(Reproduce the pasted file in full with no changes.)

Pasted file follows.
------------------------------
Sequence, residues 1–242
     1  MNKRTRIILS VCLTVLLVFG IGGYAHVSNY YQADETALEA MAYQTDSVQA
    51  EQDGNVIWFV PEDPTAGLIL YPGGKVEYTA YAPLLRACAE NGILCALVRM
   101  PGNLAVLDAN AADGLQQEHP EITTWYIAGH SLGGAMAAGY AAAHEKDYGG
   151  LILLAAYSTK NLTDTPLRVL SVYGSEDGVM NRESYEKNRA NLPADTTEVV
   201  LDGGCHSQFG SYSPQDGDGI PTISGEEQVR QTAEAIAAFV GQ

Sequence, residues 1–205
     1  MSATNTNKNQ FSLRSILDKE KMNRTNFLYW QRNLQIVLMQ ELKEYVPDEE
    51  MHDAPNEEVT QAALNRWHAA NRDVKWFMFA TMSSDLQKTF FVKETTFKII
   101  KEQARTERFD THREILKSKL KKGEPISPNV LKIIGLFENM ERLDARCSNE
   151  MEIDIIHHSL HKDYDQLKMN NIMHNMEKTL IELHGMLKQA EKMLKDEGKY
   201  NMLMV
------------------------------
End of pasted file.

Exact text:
Sequence, residues 1–242
     1  MNKRTRIILS VCLTVLLVFG IGGYAHVSNY YQADETALEA MAYQTDSVQA
    51  EQDGNVIWFV PEDPTAGLIL YPGGKVEYTA YAPLLRACAE NGILCALVRM
   101  PGNLAVLDAN AADGLQQEHP EITTWYIAGH SLGGAMAAGY AAAHEKDYGG
   151  LILLAAYSTK NLTDTPLRVL SVYGSEDGVM NRESYEKNRA NLPADTTEVV
   201  LDGGCHSQFG SYSPQDGDGI PTISGEEQVR QTAEAIAAFV GQ

Sequence, residues 1–205
     1  MSATNTNKNQ FSLRSILDKE KMNRTNFLYW QRNLQIVLMQ ELKEYVPDEE
    51  MHDAPNEEVT QAALNRWHAA NRDVKWFMFA TMSSDLQKTF FVKETTFKII
   101  KEQARTERFD THREILKSKL KKGEPISPNV LKIIGLFENM ERLDARCSNE
   151  MEIDIIHHSL HKDYDQLKMN NIMHNMEKTL IELHGMLKQA EKMLKDEGKY
   201  NMLMV